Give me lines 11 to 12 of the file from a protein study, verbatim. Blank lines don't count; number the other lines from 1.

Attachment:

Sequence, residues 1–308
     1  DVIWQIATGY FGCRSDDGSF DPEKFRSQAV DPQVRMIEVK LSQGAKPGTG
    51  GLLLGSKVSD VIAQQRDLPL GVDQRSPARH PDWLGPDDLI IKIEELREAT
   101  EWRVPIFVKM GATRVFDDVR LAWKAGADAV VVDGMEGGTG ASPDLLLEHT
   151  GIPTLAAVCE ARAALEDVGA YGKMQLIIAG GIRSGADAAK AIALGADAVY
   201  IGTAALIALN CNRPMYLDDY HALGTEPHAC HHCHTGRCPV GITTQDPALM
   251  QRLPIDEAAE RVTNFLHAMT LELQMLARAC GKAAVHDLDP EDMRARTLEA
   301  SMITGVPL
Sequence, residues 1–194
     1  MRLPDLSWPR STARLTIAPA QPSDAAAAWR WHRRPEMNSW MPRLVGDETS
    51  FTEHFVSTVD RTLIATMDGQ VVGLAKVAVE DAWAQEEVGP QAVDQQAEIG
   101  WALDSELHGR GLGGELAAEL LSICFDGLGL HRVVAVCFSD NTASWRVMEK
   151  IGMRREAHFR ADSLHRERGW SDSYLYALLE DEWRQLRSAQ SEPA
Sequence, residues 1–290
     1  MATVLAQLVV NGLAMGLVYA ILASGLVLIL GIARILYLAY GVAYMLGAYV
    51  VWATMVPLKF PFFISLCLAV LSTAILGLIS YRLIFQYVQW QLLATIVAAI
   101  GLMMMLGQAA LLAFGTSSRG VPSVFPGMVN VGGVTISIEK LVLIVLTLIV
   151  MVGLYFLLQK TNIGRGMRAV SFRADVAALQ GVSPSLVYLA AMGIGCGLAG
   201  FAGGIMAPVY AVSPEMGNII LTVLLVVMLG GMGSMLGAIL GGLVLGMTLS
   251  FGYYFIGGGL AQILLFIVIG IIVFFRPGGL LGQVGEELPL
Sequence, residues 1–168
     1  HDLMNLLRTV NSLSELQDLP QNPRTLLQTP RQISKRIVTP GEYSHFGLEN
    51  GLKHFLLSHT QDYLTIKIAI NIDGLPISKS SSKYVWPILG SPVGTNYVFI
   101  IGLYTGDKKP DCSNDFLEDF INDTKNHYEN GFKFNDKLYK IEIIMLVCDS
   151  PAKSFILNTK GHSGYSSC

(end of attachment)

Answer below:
    51  FTEHFVSTVD RTLIATMDGQ VVGLAKVAVE DAWAQEEVGP QAVDQQAEIG
   101  WALDSELHGR GLGGELAAEL LSICFDGLGL HRVVAVCFSD NTASWRVMEK